Lottery: 5.5 million Brits 'don’t want to win the jackpot'

Lottery: 5.5 million Brits 'don’t want to win the jackpot'

Many fear that a big win in the lottery could destroy relationships

Niamh Ollerton


Niamh Ollerton
Updated on 13 May 2016

Four in 10 Brits believe winning the national lotto could actually do them more harm than good, according to a new survey.  

Some 5.5 million are unsure whether they'd want to win the jackpot at all, while 2.2 million would feel scared or worried if they won a life-changing sum of money.

Common fears include relationship breakdowns, family arguments and old acquaintances crawling out of the woodwork.

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The findings come from the, which offers punters the chance to win smaller, more regular jackpots.

Of course, you could argue that's exactly what a smaller rival to the lotteries might say. But there are many high-profile examples of jackpot winners saying their lives had been ruined by a jackpot win. Just last week Gillian Bayford, who won £148 million with her husband Adrian, blamed the win for tearing her family apart.

Speaking about the research, freepostcodelottery founder Chris Holbrook said: “While we’d all welcome more luck in our lives, this seems to suggest Brits are weary of winning life-changing sums of money.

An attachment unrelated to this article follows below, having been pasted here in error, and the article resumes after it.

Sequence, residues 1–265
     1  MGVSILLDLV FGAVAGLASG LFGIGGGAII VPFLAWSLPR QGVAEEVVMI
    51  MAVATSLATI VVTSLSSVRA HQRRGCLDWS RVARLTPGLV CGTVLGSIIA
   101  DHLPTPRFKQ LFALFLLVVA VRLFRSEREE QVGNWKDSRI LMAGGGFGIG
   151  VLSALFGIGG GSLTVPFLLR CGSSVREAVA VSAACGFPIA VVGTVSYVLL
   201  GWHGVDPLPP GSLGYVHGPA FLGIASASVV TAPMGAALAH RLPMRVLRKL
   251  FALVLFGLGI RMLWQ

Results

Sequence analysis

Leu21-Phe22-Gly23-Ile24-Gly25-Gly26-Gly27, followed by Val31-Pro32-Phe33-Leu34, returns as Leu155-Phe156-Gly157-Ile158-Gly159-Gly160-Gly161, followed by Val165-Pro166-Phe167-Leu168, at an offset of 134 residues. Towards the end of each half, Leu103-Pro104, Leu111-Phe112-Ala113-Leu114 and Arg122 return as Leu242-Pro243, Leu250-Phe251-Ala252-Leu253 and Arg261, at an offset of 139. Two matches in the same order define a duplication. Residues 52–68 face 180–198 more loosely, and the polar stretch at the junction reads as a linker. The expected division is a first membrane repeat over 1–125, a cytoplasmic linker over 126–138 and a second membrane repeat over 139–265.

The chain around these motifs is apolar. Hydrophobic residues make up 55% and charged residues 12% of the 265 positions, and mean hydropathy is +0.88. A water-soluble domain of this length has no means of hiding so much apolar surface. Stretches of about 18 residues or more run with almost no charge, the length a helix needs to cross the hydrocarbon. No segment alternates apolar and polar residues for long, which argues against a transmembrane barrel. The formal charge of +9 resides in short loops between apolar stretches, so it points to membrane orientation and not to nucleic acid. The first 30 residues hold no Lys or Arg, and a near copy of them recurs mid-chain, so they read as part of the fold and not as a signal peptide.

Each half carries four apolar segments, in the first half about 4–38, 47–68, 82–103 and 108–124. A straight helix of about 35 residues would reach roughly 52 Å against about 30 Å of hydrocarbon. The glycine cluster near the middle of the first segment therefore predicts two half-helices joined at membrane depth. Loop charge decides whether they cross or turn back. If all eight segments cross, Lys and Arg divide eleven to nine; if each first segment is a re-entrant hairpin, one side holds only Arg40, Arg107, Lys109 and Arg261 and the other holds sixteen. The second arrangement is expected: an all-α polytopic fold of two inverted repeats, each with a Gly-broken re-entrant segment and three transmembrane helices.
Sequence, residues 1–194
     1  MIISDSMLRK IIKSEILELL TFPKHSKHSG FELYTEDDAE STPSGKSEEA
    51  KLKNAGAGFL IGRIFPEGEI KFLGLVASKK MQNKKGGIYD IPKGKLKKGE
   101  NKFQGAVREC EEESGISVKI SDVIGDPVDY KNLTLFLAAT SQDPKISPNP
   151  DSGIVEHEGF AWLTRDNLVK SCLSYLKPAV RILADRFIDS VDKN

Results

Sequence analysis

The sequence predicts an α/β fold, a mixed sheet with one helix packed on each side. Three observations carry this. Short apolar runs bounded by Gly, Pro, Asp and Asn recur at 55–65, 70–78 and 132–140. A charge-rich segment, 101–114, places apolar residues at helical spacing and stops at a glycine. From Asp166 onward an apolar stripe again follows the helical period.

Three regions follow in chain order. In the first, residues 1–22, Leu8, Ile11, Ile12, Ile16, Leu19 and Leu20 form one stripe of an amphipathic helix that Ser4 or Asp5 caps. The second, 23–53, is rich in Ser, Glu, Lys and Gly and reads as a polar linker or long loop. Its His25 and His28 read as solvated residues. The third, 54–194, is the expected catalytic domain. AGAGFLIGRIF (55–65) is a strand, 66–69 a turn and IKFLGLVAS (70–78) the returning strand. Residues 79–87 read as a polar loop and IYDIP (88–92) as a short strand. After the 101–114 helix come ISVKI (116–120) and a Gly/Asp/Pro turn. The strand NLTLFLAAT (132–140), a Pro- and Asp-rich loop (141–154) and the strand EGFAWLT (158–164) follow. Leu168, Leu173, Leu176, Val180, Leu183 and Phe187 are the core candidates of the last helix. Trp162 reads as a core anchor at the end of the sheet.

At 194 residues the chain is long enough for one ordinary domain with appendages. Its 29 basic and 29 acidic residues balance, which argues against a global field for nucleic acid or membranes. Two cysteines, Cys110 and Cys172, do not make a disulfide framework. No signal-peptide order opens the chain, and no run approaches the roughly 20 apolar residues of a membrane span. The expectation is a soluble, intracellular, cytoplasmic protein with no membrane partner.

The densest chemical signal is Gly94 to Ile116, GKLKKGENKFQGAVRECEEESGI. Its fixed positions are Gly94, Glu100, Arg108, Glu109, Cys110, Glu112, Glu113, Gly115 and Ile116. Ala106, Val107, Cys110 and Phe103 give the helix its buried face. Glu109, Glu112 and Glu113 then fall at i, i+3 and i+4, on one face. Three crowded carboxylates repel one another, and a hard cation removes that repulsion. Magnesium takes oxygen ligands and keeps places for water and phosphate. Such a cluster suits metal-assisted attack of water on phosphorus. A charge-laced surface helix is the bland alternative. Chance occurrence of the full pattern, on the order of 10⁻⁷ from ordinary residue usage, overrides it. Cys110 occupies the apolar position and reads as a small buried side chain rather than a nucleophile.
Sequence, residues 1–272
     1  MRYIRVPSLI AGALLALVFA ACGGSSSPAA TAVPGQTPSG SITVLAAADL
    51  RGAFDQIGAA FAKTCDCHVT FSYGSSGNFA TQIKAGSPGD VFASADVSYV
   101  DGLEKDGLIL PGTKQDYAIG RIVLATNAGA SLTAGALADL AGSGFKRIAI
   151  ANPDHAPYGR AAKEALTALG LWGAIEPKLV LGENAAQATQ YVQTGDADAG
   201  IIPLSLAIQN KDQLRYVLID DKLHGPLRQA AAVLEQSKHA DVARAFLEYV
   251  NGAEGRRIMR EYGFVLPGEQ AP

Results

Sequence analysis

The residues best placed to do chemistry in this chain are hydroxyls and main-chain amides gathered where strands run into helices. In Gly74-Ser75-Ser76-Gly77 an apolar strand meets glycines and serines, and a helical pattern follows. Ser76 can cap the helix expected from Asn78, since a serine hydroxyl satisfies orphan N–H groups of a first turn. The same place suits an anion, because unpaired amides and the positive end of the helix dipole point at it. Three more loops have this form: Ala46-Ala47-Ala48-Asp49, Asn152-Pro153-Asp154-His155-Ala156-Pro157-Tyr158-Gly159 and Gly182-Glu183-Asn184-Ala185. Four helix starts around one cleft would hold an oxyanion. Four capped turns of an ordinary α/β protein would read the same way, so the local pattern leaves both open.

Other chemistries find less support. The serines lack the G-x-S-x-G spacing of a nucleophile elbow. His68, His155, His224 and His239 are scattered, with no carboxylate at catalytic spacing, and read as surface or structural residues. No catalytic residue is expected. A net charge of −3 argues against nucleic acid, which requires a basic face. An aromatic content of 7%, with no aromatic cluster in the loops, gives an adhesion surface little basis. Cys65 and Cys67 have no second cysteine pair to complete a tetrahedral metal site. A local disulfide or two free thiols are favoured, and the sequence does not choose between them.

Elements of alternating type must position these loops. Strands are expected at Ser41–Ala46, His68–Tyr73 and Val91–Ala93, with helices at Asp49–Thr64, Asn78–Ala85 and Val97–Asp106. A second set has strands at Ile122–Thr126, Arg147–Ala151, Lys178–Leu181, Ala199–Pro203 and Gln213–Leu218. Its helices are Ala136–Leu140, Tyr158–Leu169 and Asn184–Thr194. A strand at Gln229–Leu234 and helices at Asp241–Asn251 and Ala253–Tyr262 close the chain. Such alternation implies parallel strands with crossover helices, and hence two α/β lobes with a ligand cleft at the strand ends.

“An unexpected change in financial circumstances may not be the answer to our prayers if unresolved issues or uncertainty in personal lives affect how we are likely to cope.”

More research findings

One in 10 see a possibility for family disputes if they were to win big, while two fifths think that, although their families would be happy initially, they'd be expected to share their winnings.

One in five respondents said a win would leave them unsure if their relationship would have a future, while a further one in 10 voiced their fears that a prize could cause a break-up.

Not knowing who to trust is a fear many of us suffer with, but with a few extra million in the bank, it may be difficult to know who our true friends are.

Nearly a fifth of respondents (15%) fear old acquaintances will come out of the woodwork in order to benefit financially from the windfall.

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